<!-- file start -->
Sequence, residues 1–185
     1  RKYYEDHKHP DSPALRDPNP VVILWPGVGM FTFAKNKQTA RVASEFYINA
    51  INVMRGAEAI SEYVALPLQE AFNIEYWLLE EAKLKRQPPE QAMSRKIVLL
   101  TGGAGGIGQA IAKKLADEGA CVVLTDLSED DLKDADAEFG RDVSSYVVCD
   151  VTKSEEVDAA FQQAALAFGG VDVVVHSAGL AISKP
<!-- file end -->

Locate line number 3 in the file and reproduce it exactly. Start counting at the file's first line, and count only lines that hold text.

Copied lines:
    51  INVMRGAEAI SEYVALPLQE AFNIEYWLLE EAKLKRQPPE QAMSRKIVLL